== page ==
Also shown is the percentage of the total exchange volume that each specific exchange represents. So, just given one of the volume specifications allows us to calculate the total exchange volume (the amount of Bitcoin that has been traded within all of the exchanges which tracks). For instance, at the same time the snapshot was taken in the example in the previous section (at block #601608), the exchange BKEX had the most volume of Bitcoin trades, which was 99,433 BTC. It also specified that reflected 3.33% of the total exchange volume. From that, we can calculate the combined total Bitcoin traded among all exchanges, which is 2,985,976 BTC. That’s extremely revealing!

During the same 24 hour period, the blockchain had the following volumes:

– True transfer volume: 485,422 BTC
– Total On-chain volume: 1,749,954 BTC

But all the exchanges report trading 2,985,976 BTC during that period. How could this be?

One possible explanation is that the exchanges are reporting volumes that are higher than their actual values in order to improve their ranking, and thus public perception of their platform. While this is probably true for some of the more nefarious exchanges, there is another explanation that warrants further study.

Anyone who has traded cryptocurrencies knows that trades happen rather quickly, as they do in most markets. If each trade had to wait to be included and confirmed in block hashes, the market would be extremely inefficient. The Bitcoin blockchain produces a new block roughly every 10 minutes, give or take. And each block only contains about 2500 transactions. So actually, it makes sense that exchanges would not use actual bitcoins when executing trades. For the purpose of providing responsive and efficient cryptocurrency markets, exchanges would need to use some kind of synthetic credit system where credits represent the underlying cryptocurrency instead of being the actual cryptocurrency.**

So the exchanges are not trading actual bitcoins. Instead, they are offering a synthetic representation of bitcoins in order to establish an efficient market for buy/sell orders and expedient confirmations. Much like the fractional reserve policies employed by our banking institutions, the exchanges only need to deliver authentic bitcoins when their customers want to withdraw their bitcoins and keep them in their own wallets. If people (or corporate entities) are happy to keep their pool of synthetic BTC at the exchange, there won’t be any trouble. But if all the accounts suddenly asked for their Bitcoin, it would be similar to a bank-run – the exchange would have to shut down, at least temporarily.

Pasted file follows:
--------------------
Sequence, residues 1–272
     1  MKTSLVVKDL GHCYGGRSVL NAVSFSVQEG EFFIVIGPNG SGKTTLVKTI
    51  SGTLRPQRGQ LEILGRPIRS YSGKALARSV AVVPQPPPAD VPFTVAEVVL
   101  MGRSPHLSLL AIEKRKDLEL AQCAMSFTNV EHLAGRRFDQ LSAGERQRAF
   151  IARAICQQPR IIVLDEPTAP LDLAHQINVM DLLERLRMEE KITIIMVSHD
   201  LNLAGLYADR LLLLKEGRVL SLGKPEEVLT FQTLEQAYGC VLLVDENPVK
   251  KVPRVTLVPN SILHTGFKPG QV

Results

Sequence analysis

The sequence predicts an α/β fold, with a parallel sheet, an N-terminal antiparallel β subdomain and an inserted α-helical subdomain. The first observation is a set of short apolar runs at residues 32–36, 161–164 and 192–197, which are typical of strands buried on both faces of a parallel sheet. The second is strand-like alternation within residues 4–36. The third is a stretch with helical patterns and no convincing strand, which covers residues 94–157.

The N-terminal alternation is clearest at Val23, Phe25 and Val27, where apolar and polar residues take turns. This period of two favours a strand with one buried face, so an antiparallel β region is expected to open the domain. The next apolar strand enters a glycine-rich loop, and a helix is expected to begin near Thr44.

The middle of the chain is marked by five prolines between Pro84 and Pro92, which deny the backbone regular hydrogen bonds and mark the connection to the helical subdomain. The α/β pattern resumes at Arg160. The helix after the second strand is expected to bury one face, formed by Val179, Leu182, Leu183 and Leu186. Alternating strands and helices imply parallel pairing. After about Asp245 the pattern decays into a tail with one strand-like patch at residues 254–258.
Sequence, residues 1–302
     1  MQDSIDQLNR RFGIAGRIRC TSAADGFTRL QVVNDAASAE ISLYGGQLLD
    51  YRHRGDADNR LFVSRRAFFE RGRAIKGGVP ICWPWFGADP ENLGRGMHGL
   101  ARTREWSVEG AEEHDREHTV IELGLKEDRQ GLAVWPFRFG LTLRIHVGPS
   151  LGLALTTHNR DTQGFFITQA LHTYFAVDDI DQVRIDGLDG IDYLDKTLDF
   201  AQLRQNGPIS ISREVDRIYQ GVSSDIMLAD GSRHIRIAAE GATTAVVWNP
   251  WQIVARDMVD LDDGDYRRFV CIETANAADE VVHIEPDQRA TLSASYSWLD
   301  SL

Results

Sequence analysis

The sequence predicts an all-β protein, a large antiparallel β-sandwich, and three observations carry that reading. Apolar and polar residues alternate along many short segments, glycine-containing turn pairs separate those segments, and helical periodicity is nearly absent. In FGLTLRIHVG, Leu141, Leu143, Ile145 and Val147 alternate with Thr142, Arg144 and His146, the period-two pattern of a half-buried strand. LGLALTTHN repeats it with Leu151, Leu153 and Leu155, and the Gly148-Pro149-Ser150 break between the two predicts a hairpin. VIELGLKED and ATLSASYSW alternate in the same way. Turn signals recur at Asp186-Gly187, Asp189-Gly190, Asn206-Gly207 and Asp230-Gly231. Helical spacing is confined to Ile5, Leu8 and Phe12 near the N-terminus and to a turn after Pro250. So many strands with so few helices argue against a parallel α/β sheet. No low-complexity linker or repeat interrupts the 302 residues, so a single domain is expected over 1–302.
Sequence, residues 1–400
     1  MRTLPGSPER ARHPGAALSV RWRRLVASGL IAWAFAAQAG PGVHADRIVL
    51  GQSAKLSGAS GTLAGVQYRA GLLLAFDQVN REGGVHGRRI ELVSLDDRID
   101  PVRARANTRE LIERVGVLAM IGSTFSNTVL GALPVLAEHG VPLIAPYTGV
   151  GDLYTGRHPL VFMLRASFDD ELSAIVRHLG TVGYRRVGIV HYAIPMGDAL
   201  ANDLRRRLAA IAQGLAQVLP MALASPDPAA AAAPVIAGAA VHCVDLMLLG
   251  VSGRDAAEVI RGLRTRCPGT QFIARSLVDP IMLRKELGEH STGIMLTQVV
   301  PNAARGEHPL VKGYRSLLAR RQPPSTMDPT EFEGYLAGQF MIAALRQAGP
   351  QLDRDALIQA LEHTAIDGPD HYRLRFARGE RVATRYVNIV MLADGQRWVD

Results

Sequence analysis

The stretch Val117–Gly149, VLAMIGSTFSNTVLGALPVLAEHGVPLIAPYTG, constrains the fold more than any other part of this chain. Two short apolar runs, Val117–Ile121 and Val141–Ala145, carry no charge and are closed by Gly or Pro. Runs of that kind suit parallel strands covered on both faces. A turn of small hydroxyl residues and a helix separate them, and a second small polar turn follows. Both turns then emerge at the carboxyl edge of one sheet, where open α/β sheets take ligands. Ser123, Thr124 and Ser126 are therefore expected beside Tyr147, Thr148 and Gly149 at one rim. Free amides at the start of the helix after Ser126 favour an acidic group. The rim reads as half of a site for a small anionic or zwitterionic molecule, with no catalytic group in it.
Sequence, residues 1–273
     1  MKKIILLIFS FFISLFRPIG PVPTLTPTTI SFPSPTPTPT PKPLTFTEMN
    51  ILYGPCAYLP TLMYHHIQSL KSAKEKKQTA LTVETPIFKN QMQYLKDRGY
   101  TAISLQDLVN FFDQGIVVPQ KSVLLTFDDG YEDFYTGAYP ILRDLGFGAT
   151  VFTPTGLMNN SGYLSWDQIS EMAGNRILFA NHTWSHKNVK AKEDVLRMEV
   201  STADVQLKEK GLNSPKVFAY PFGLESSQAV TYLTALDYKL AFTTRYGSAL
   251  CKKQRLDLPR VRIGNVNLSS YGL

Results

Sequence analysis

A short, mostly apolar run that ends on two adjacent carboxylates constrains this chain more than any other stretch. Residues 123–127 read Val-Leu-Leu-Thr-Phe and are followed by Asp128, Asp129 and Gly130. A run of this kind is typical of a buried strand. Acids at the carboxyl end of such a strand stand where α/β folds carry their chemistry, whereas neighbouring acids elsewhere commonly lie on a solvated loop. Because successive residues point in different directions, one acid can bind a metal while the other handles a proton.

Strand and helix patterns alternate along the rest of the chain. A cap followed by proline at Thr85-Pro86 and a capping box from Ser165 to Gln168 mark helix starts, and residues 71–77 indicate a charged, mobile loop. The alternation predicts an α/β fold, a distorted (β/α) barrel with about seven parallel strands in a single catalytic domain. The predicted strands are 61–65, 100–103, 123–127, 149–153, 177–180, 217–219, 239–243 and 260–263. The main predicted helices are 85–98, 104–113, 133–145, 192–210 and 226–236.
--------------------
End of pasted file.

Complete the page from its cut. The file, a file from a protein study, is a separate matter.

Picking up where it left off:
But there’s even worse news. If the exchanges are not using authentic bitcoins for trades, the market can be driven up and down, depending on which entities hold the most synthetic bitcoins. After all, these are just digital representations on some electronic spreadsheet. Combined with the newly developed crypto-derivative products in the futures markets, fortunes can be made by manipulating the underlying price. It’s similar to the commodity markets where the underlying commodity has very little to do with price discovery. Instead, paper contracts are thrown into the markets in order to drive the price in the desired direction.

Under this scenario, the belief that one must have a Bitcoin in order to sell a Bitcoin is simply not true.

*The transfer volume is probably even lower than this because some wallets frequently create transactions which specify a separate address to receive the change. So in those cases, even though the input & output addresses may be unique, they belong to the same entity.

**This can also be shown to be the case with cryptocurrencies which do not support decimals – even though fractional amounts are not supported on their respective blockchains, those same cryptos are traded in fractional amounts on exchanges. This reveals that those exchanges cannot possibly be trading the actual cryptocurrency, but instead are using an arbitrary representation of the cryptocurrency.

Recent BTC Volume Snapshot

2 thoughts to “The Blockchain Speaks Volumes”

    1. Not really. The on-chain volumes specify the amount of BTC that have been handled by the blockchain and the reported exchange volumes show the total amount of BTC that was traded between buyers and sellers on those exchanges. Open interest is usually a only valid data point for contracts in the options and futures markets. For those markets, as your link suggests, the open interest shows the current number of outstanding contracts that have not yet been settled.